Yeah, the rapid deterioration. The trust and the free press, definitely. The hostile administration of President that there there has been a factor but the fact that the theory that so quickly is also telling of, I guess the faults of the press and being able to adjust to this digital landscape and then being able to fill out its audiences. The Philippines has been traditionally known especially after martial law, to be one of the freest presses in Asia and look where we are now we're still we score so high on the Infinity index, we're still considered to be one of consistently one of the worst places in the world to be a journalist. There is a generation gap in newsrooms that I think was a factor because we didn't get to migrate the digital space as fast enough. And we're seeing that even now with new spaces like tick tock, and with how YouTube has taken hold even though YouTube is a bit of an old space but it's steadily year becoming According to research, one of the favorite places for Filipino audiences to go. Definitely where we've stuck, I think, to a traditional media model for quite a long time we've clung on to that and influencers have have taken over and we see that now in the election campaign because a political client can just hire an influencer and the influencer can say whatever they want, but we wouldn't know whether or not that the influencer is on the politicians a role or not because they could package their content as organic. Right. So that's basically one of the things definitely that has, that has helped them to make things harder for the press. But there's
I feel like I want to frame your words and put them on a wall. But this is why digital innovation matters. And it's like, once you lose people, you lose the entire country. Staying on that point on what politicians are doing on social media. Could you talk us through a little bit about what how they using social media for their campaigns, so you've mentioned influencer buying in influencers, what else is going on in that space?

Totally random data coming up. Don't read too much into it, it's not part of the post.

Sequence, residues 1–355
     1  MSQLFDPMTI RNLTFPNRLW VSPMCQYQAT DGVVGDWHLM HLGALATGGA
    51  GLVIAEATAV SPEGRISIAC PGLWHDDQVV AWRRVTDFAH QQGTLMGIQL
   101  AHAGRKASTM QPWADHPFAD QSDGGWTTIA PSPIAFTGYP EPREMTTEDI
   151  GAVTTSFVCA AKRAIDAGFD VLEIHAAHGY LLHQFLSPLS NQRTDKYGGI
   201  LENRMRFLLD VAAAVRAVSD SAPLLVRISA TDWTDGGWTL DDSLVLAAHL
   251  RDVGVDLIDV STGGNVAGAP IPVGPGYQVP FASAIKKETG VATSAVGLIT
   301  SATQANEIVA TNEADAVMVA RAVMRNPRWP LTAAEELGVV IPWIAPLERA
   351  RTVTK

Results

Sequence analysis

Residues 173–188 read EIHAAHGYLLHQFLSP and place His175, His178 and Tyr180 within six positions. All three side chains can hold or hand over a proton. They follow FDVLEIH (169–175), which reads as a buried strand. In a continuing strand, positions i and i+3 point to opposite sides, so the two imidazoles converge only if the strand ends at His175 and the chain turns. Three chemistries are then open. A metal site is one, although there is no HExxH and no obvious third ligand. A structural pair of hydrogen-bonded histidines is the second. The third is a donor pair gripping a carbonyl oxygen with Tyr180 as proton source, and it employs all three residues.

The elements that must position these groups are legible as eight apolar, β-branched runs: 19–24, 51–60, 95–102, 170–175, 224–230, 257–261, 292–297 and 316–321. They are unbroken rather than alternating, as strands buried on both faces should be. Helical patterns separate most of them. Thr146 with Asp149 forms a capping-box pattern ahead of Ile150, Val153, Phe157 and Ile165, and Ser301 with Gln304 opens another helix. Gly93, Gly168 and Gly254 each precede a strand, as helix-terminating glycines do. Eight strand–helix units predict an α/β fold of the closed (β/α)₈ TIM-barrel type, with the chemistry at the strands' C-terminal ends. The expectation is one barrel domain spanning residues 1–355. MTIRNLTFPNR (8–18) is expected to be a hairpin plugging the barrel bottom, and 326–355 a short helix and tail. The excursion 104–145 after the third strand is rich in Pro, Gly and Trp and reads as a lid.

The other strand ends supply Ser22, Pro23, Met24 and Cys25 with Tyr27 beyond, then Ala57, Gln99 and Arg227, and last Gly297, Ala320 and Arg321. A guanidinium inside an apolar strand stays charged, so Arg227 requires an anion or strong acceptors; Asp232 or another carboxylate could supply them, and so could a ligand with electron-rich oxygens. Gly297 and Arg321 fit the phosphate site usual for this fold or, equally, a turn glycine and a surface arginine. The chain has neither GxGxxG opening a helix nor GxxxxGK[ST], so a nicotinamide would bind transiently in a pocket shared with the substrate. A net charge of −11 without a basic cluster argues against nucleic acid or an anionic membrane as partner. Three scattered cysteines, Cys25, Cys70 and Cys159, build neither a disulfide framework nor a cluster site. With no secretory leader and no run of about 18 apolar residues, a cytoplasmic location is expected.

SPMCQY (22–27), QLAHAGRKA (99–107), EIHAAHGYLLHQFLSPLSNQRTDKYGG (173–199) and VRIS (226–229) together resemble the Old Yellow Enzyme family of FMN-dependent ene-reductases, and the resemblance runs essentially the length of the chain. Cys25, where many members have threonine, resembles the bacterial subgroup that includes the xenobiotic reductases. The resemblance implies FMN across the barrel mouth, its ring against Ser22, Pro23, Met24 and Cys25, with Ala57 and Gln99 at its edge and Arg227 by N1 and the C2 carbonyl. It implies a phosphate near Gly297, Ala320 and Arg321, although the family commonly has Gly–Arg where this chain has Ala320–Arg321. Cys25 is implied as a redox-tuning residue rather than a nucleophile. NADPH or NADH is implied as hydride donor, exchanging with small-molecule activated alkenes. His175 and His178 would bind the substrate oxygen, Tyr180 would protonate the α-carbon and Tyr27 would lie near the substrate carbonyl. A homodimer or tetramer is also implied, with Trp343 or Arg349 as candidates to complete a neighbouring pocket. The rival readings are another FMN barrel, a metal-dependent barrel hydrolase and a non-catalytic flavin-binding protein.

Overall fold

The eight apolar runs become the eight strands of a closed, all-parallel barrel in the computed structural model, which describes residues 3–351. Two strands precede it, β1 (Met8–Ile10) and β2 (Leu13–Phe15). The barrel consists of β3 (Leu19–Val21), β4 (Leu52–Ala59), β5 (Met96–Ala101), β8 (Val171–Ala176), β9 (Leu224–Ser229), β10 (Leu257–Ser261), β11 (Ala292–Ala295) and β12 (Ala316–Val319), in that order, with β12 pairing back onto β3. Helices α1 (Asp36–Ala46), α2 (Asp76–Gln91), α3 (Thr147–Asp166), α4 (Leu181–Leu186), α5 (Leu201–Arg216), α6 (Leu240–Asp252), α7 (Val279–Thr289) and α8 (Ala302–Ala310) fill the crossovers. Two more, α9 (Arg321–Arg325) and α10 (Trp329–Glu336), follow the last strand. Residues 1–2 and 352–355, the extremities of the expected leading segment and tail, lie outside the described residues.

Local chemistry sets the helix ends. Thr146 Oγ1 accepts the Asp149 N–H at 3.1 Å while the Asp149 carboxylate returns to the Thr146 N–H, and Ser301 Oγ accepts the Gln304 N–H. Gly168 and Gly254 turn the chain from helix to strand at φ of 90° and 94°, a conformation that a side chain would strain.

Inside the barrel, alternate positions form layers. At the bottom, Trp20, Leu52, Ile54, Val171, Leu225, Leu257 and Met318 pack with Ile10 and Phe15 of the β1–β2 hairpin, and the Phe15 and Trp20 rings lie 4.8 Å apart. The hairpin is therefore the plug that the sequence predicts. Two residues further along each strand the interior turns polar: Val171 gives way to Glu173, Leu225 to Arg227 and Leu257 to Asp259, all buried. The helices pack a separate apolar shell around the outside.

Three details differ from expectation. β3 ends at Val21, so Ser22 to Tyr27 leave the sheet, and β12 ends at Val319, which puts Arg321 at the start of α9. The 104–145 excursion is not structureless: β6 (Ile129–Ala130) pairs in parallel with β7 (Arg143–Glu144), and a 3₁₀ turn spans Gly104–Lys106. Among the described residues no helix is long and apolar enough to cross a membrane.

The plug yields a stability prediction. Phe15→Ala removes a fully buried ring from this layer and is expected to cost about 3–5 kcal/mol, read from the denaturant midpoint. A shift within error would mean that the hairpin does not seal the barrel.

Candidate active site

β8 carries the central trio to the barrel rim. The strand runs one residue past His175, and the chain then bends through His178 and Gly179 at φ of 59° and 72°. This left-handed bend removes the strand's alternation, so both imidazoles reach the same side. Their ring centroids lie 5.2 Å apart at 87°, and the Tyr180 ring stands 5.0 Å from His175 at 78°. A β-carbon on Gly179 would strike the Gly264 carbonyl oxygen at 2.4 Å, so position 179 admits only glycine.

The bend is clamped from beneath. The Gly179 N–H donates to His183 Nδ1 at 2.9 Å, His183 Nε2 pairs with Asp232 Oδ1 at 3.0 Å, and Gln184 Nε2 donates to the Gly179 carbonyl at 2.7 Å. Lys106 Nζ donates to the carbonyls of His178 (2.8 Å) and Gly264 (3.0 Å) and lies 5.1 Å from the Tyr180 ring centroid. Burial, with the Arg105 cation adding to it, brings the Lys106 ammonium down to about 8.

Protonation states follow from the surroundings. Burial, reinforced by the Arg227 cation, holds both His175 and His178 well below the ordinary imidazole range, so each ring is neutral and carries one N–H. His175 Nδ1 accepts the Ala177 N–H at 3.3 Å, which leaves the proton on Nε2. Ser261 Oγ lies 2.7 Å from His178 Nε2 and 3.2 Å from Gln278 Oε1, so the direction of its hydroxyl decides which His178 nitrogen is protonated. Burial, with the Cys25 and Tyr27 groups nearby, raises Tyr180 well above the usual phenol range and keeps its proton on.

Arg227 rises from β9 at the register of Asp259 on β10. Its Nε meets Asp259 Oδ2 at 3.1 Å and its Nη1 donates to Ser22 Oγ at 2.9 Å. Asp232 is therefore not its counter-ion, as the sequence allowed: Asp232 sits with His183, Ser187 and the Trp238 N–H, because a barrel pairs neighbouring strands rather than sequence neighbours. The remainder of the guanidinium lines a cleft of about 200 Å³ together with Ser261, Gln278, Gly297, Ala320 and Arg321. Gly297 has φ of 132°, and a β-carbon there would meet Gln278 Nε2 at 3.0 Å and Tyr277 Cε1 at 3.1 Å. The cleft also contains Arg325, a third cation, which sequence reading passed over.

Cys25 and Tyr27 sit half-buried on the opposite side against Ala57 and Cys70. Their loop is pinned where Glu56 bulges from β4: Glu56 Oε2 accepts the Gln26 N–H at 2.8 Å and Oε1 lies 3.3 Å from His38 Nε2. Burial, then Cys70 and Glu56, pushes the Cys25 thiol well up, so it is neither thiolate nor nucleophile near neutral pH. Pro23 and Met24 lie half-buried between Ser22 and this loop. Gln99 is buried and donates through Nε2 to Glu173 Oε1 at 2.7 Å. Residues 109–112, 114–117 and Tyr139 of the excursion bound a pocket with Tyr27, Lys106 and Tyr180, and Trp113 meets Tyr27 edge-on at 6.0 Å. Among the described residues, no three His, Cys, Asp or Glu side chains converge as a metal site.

A lot of very interesting trends and I would even even say innovations are taking place in the Philippines. So definitely you have influencers under that. One thing, according to a public relations strategist is that politicians tend to hire micro influencers, right as opposed to bigger influencers, micro influencers, meaning that these people whom they call key opinion leaders, are key online leaders or something to that effect that there are basically people who may have a following of just a few 1000s, but it could be a loyal following. It could be a very targeted following. So when I was looking at micro influencers, who are pro Marcos and picked up for example, there would be people from the LGBTQ community, there would be people who there was would be someone who's like a public school teacher. So basically, these could be people who come from different sectors and they would politicians who need to basically market themselves to a certain audience would pick a micro influencer who fits into that profile. So that's one trend that we're seeing. Another one is the buying and the buying and selling of Facebook pages and groups. So one sneaky thing that political operators have been doing is basically buying pages and groups that have nothing to do with politics, say celebrity fan pages, or entertainment, or history enthusiasts groups, and then suddenly the groups would change into something with a political agenda. So if you're somebody who is a completely undiscerning online person, you may be scrolling through your feed and then suddenly you see a plug for a certain politician and you're like, when did I like this page? I did not. remember liking it, but you slowly get a steady feed of content from this page grew, and the prices for this stuff could actually be really cheap. ABS CBN a local broadcaster had an investigation of how you could actually buy a page through Facebook marketplace, but they could also go pretty high because there was a TV show host who also works for ABS CBN, who shared on Twitter that he got an offer to sell his fan page for 1 million pesos, and the fanpage had around 2 million followers. So that's how high these prices can go. And that's how money that the machinery can be.